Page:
If fleshly things become more important, we are on a trajectory toward death. We must exercise control, drawing on the power of God's Spirit.
Paul admonishes the Corinthians to resist contentions, outbursts of wrath, selfish ambition, backbiting, whispering, slander, conceit, and agitation.
Jesus taught about the Holy Spirit's function to carry out God's work, including inspiring one to speak the words of God and to resist the power of Satan.
God controls the invisible wind—powerful or gentle—making it an ideal symbol for His Spirit. God's breathing life into Adam foreshadowed giving the Holy Spirit.
Like ancient Israel, we walk out of our individual circumstances through a metaphorical desert of trials and tests, following God into the Promised Land.
The unity of God's church does not derive from organizational expertise, the conformity of ecumenism, or the tolerance for evil, but from the family model.
Martin Collins, focusing upon the subject of martyrdom, spiritual conviction, and sacrifice, reflects upon the conviction, deaths or sacrifices of Abel, Jephthah's daughter, Stephen and, most notably, the example of Christ. Christian martyrs, convicted by . . .
Martin Collins, noting that the foundational way of life as outlined by Jesus Christ is not much followed in mainstream Christianity, and observing that the five foolish Virgins also belonged to the visible church, reminds us that we are only Christ's if w. . .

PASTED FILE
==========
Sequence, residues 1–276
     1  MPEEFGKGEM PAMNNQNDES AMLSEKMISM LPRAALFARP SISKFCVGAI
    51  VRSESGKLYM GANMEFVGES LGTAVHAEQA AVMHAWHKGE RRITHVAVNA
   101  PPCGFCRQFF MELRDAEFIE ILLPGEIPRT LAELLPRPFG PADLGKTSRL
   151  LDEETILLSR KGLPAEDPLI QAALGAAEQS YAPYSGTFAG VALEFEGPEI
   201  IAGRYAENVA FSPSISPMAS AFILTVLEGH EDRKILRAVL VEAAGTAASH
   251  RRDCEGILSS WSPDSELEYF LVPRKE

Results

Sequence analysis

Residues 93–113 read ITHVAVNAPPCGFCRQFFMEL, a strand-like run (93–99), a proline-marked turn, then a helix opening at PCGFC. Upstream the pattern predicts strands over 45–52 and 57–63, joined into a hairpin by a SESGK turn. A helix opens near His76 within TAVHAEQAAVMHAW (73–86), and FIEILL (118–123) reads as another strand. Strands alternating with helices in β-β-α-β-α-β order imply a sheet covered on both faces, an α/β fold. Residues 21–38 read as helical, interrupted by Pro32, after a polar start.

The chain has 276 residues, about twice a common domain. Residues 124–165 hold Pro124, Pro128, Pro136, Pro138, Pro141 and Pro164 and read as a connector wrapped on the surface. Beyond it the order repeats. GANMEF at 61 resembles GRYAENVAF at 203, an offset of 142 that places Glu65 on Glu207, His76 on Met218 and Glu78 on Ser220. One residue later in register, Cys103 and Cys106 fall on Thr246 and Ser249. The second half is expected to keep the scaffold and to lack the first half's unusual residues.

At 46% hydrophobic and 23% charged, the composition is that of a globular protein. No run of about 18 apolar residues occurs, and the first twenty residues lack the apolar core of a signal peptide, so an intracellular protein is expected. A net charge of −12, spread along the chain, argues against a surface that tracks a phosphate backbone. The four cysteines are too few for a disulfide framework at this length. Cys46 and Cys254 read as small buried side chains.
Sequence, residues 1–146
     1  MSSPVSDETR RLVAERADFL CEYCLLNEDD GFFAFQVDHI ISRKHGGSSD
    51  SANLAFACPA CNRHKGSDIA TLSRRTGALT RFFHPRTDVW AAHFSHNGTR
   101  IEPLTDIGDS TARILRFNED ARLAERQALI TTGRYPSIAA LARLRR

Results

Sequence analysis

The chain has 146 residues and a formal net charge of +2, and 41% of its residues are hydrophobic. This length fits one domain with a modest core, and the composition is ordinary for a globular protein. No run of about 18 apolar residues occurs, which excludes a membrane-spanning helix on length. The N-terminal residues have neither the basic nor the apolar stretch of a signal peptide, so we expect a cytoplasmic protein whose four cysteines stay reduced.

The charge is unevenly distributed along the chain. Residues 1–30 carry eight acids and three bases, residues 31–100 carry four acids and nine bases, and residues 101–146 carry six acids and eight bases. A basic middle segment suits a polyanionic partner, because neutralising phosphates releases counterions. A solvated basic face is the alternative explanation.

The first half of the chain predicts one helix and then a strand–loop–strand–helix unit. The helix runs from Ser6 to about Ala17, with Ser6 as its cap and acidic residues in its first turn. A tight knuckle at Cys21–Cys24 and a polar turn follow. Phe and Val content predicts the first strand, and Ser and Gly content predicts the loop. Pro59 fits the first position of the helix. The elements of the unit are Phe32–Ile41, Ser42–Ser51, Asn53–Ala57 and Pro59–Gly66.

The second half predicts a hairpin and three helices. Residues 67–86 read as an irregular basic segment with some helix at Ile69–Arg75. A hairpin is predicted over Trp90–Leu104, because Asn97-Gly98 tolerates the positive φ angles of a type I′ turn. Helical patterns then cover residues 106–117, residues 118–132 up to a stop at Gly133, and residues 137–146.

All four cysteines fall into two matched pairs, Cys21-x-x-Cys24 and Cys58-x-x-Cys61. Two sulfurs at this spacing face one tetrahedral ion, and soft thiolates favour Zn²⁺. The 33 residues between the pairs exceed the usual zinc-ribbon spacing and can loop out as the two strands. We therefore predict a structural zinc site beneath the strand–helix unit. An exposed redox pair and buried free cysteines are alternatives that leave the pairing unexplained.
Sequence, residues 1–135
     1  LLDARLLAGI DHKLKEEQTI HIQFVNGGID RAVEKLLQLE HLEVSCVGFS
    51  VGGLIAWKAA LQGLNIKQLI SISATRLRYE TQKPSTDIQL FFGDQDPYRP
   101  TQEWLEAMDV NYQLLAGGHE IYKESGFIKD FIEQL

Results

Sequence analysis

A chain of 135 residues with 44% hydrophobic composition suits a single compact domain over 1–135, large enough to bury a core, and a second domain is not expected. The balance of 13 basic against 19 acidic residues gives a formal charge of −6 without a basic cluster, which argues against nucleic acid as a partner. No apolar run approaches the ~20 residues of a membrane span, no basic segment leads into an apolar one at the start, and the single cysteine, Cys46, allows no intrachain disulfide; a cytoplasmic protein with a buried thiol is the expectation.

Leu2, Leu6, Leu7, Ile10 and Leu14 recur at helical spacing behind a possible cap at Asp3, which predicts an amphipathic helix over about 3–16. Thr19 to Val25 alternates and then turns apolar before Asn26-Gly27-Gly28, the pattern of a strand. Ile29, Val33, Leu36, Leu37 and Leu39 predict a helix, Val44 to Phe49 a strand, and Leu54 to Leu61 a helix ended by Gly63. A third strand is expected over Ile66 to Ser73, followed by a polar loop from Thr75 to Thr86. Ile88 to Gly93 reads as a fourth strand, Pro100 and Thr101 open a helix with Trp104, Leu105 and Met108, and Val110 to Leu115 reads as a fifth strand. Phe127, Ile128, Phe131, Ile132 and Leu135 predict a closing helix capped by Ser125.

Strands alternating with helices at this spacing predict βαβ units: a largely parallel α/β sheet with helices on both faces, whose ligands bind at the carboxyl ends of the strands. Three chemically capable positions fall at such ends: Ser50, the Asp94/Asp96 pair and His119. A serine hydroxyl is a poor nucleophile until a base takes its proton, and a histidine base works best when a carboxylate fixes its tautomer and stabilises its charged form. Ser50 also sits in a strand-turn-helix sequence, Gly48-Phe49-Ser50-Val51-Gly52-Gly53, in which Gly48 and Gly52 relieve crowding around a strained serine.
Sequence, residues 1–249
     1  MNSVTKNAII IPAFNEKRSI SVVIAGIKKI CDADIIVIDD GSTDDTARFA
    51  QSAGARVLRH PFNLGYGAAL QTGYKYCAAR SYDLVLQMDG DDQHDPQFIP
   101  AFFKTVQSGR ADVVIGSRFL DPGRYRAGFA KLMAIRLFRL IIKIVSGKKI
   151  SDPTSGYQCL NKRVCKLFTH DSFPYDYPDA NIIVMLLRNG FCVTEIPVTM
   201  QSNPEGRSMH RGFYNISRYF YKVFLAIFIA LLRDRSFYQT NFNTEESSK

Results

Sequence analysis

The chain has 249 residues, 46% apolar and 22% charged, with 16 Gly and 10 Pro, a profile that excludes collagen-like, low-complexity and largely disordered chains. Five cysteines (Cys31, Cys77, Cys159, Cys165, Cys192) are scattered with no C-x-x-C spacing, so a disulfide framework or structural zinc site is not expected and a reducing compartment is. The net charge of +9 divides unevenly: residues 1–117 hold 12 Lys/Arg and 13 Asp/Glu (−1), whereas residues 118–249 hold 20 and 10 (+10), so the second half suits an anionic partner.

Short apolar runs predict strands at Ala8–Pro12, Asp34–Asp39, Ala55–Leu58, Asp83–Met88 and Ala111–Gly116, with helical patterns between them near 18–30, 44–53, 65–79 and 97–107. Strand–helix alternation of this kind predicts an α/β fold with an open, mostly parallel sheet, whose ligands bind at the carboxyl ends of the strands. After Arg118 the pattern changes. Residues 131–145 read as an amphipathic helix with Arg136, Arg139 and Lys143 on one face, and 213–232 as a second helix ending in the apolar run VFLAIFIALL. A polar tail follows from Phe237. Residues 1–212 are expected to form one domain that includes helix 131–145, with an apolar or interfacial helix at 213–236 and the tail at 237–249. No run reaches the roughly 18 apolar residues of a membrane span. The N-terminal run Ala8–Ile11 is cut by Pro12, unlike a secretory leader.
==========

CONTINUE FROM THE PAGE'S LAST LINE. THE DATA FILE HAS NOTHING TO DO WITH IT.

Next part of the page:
Ephesians 2 says Christians were spiritually dead. Thankfully, God resurrected us from the grave through the substitutionary sacrifice of Christ.
Only by using God's Spirit can we gain the self-discipline, self-mastery, and self-control to put to death the carnal pulls, giving us freedom from sin.
Richard Ritenbaugh, reflecting on the difficulties in translation from Greek and Hebrew to English, as well as comprehending spiritual truths with a fleshly mind, maintains that it is only through God's Holy Spirit we can comprehend those truths at all. Ev. . .
Richard Ritenbaugh, reflecting on an article in The Telegraph (UK), describes a cultural phenomenon known as "adolescent geriatrics"—when a senior citizen, ignoring the ravages of time, continues youthful styles, desires, and goals. Many 60. . .
Most people have a dread of something. Even Jesus experienced dread the night He was betrayed, manifested in acute hematohydrosis (sweating drops of blood).
Our outward works show what we believe, what we worship, and what we aspire to become. Apart from God, all human works activities are potentially destructive.
Richard Ritenbaugh contends that conversion, like salvation is a process that begins at a particular event in time (after our repentance, baptism, and receiving of God's Holy Spirit) but requires a maturing period in which we, using God's Holy Spirit, mort. . .
Can a Christian commit a sin, and still be a Christian? Or would this be 'the unpardonable sin'? Or would it prove he never was a Christian?
Works are necessary for a Christian, and have not been neutralized by grace. Good works serve as the evidence of faith; faith without works is dead.
Our lives parallel what Christ experienced: crucifixion, burial, resurrection, and glorification. The death of self must precede resurrection and glory.
Martin Collins, acknowledging that weariness in patient well-doing is probably the biggest affliction upon God"s Church, urges that we sow spiritual seed (largely thoughts and deeds) in order to reap spiritual character (fruits of repentance and fruit. . .
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